However, these girls have decided otherwise. They are going to transit to adulthood, through an alternative rite of passage without having to face the knife.

After a month of vigorous training on reproductive health, sexuality and life skills in the institute, they are graduating to mark their transition to adulthood.

During the one month training they were taught about both bad and good culture, self grooming as well as how to deal with Gender Based Violence normally the case after they have undergone circumcision.

“We train them on issues of culture, self confidence, good grooming, dieting and identity,” says Loice Kaleke, one of the trainers at the institute.

She adds: “We also teach them self-defence. This is so they can defend themselves against sexual violence among other forms of GBV.”


Still in this safe house, there are also girls who were rescued from early marriages.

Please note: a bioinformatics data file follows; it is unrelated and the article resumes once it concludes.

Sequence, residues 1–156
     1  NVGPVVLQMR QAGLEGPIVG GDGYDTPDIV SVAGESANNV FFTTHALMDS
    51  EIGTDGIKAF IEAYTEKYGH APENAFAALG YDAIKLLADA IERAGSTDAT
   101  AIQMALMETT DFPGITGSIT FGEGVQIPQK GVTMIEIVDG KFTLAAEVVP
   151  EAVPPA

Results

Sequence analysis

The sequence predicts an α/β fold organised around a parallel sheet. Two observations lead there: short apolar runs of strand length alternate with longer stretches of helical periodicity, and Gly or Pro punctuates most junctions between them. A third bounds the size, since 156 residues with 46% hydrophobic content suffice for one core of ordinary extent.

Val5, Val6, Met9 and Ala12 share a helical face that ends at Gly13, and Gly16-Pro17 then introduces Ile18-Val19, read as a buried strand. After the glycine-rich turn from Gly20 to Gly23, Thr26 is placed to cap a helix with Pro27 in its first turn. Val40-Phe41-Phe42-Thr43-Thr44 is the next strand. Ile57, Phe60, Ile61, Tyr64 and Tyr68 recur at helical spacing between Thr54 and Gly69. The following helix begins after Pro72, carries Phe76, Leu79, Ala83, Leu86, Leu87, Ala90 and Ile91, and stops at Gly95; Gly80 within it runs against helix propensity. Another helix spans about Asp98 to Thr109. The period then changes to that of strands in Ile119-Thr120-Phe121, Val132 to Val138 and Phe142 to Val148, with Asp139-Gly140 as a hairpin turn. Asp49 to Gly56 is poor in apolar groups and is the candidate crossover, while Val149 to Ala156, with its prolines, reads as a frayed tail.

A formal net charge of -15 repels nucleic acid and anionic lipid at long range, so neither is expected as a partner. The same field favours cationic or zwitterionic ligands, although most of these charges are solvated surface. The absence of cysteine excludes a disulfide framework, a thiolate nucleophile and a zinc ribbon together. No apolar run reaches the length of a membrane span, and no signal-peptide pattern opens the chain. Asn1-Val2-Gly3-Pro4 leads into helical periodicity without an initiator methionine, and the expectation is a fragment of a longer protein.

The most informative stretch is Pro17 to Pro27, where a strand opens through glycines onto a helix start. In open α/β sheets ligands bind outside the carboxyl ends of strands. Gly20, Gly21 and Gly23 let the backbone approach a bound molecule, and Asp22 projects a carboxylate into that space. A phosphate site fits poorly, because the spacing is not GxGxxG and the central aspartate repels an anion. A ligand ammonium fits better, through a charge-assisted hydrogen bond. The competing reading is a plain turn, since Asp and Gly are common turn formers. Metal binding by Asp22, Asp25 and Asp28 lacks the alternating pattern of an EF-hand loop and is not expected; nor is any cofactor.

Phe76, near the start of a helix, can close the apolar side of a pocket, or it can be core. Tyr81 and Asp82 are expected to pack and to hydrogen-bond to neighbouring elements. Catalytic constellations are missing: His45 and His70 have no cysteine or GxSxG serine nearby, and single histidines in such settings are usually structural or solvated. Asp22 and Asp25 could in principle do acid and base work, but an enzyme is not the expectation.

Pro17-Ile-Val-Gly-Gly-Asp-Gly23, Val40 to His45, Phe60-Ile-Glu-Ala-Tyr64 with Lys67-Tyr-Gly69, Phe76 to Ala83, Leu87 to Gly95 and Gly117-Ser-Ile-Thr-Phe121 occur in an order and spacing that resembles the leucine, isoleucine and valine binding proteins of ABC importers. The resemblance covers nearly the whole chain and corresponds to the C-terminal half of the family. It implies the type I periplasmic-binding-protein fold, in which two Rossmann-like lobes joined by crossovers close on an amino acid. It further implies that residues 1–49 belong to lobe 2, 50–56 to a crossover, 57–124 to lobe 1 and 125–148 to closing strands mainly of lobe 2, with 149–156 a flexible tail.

Rhoda Naserian is one of them and vividly remembers how she was robbed of her pride as a woman at the tender age of eight years.

“We were nine girls and I was the youngest. The other girls did not object to the cut but I was against it,” explains Naserian. She says: “I screamed and my father was called and told I had refused to be cut.”

Naserian noes: “Because of my resistance the women circumcising us decided to be brutal on me and did it haphazardly so that my father would be given less dowry.”

However, what is still fresh in her mind is how her father tried to marry her off at the age of nine to be a fourth wife to a much older man.

Despite her young age this is not what Naserian wanted for herself. She managed to escape and is now back in school pursuing her dream of becoming a lawyer.